Just as DataReaders expose efficient stream access to relational data, XmlReaders expose efficient stream access to XML Data. Developers use a DataNavigator for scrolling and editing an in-memory XmlDocument. DataNavigators are functionally equivalent to the W3C Document Object Model (DOM), but are more efficient and provide an object model that maps nicely to the relational data view. DataNavigators support XPath syntax for navigating the data stream. ADO+ also provides an XMLDocument class for developers who want to continue to use the DOM as an object model for XML rather than the more efficient DataNavigator model.
      Since all data can be viewed as XML, developers can take advantage of ADO+ transformation and validation services for any data. ADO+ defines a general transformation architecture that consumes a DataNavigator and produces a new XmlReader. The .NET Framework provides a specific transformation component that supports the W3C XSL Transformations (XSLT) specification. ADO+ also provides a validation engine that uses XML Schemas to validate an XmlReader. ADO+ supports schemas defined via DTDs, XSD, or XDR.

Win Forms Application Model

      Conceptually, on top of the services framework sit two application models: the Windows® application model and the Web application model. Although I've focused on the Microsoft .NET Framework as a way to develop Web Services and Web applications, the framework can also be used to develop more traditional Windows-based applications (of course, these applications can use Web Services, too).
      Developers writing client applications for Windows can use the Win Forms application model to take advantage of all the rich user interface features of Windows, including existing ActiveX controls and new features of Windows 2000, such as transparent, layered, and floating windows. Either a traditional Windows or Web appearance can be selected. Developers will find the Win Forms programming model and design-time support very intuitive, given its similarities to existing Windows-based forms packages.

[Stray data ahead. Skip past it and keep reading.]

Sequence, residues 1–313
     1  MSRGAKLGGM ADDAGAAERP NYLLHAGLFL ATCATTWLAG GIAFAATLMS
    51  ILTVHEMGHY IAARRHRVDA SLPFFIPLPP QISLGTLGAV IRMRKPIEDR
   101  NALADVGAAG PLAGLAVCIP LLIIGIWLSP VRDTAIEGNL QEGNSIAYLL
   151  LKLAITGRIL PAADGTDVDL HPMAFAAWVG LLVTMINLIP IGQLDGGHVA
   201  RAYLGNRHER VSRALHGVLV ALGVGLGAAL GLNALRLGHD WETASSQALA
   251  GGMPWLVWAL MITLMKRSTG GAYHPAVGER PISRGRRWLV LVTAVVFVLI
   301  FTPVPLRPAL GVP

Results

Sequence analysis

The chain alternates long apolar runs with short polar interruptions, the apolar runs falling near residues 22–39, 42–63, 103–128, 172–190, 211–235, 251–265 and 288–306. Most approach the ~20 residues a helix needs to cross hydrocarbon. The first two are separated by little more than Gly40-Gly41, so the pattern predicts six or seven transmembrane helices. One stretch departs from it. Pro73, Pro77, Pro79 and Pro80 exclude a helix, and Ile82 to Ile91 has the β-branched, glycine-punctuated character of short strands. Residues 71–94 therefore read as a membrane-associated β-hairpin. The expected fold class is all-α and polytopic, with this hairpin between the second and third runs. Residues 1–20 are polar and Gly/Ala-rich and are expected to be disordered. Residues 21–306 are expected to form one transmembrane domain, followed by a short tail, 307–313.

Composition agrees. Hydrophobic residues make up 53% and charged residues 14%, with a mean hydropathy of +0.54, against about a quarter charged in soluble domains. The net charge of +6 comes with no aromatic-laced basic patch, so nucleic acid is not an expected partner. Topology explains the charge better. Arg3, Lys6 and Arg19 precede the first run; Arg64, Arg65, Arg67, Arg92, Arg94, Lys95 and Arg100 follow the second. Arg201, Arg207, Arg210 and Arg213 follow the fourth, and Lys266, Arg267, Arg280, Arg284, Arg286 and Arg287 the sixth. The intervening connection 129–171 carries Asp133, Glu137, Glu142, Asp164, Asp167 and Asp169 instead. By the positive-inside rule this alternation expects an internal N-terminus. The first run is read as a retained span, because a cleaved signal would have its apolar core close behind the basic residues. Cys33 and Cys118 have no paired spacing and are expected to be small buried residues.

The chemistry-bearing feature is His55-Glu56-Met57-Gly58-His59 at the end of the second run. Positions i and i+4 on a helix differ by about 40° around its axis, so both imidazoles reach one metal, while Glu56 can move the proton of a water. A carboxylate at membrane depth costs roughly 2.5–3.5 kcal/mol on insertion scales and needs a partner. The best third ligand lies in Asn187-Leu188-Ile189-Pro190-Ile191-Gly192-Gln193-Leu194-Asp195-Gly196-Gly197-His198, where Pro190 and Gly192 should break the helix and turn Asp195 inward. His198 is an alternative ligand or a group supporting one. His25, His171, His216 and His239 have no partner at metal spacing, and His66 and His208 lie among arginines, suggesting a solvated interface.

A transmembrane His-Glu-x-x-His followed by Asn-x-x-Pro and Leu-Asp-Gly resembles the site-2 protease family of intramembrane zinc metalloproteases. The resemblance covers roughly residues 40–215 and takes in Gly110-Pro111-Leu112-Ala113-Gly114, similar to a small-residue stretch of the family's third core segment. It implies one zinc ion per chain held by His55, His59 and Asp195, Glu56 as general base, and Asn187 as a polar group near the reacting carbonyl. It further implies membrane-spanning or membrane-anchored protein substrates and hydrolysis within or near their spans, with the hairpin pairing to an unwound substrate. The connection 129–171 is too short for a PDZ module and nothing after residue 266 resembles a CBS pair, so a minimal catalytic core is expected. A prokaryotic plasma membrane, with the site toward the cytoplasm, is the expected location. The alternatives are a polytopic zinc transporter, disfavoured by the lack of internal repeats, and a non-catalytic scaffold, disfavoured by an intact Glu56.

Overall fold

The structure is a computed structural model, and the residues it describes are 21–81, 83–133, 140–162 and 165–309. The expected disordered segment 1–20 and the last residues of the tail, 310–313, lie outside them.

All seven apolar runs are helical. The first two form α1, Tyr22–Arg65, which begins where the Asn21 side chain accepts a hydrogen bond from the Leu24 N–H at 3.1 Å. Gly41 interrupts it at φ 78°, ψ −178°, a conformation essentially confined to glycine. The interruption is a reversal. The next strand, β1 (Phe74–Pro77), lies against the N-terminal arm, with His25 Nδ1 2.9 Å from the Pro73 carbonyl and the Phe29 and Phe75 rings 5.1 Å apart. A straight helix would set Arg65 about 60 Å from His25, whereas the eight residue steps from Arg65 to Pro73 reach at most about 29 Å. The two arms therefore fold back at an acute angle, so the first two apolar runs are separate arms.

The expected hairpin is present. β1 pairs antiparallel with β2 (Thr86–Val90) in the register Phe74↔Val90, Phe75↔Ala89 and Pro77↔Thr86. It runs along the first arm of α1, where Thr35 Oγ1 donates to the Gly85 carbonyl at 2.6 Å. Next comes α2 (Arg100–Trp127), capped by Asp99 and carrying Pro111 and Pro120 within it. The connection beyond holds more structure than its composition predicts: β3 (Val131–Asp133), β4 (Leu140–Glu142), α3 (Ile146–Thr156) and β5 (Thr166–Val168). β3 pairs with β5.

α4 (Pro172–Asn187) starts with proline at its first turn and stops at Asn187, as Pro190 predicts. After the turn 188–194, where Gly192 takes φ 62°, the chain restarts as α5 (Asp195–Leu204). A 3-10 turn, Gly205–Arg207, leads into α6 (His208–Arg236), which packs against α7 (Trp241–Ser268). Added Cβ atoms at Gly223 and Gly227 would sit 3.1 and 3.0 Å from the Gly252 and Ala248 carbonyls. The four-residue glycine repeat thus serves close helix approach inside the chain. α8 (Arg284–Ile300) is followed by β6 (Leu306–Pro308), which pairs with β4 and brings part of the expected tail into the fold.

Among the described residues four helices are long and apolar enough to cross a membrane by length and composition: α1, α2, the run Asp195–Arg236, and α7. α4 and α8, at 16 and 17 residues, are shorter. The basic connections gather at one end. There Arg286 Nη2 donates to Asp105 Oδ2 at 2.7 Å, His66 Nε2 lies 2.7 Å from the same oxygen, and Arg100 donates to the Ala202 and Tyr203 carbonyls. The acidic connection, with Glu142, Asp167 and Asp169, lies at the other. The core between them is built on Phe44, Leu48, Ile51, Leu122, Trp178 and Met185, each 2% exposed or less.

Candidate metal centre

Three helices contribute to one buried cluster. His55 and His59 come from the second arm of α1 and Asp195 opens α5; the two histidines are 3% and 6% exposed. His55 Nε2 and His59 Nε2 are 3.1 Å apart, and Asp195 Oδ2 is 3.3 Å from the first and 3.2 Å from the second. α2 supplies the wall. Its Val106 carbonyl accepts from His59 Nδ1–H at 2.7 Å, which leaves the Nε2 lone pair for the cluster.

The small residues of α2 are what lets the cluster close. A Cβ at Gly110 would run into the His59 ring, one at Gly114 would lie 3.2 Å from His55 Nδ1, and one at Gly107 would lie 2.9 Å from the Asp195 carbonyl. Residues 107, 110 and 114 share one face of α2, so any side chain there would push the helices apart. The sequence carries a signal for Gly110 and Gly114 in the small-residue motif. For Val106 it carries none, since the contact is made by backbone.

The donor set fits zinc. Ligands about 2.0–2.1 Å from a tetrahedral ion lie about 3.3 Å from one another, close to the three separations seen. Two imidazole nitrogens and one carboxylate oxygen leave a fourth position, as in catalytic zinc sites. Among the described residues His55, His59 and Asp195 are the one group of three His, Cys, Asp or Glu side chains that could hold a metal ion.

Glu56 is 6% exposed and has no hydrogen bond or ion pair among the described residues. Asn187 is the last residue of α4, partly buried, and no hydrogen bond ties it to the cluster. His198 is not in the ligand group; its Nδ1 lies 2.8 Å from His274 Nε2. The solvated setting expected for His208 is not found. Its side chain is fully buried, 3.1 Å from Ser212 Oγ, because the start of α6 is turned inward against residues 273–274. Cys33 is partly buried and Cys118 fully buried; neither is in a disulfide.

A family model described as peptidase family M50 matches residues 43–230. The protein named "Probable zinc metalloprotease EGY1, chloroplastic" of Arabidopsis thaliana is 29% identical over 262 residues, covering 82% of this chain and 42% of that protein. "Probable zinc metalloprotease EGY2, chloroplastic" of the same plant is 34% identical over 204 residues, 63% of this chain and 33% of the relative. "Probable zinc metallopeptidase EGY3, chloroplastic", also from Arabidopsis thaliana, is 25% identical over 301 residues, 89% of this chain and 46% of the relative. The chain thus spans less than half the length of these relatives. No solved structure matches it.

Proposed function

Win Forms also takes advantage of the Microsoft .NET Framework runtime to reduce total cost of ownership for Windows-based client applications. The framework security model can safely execute applications and components on client machines provided they are written using the Win Forms model or used from a Win Forms application. If implemented or used in this way, the cute game someone got off the Internet won't corrupt configuration information and data, or automatically send e-mail to everyone in the user's address book.
      The Microsoft .NET Framework assembly model simplifies application deployment and versioning. Applications can be configured to use the versions of shared components they were built and tested with, rather than using whatever component versions happen to be installed on the client machine, improving application reliability and eliminating one of the major causes of application support calls: incompatible versions of user interface controls and other shared components.

A Model for Web Applications

      Web applications built on the Microsoft .NET Framework share a common application model. In this model, a Web application is a set of URLs rooted at some base URL. Thus it encompasses both Web applications that generate pages for display in a browser and Web Services. In this section, I'll detail the Web application programming model called Active Server Pages+ (ASP+), which is illustrated in Figure 5.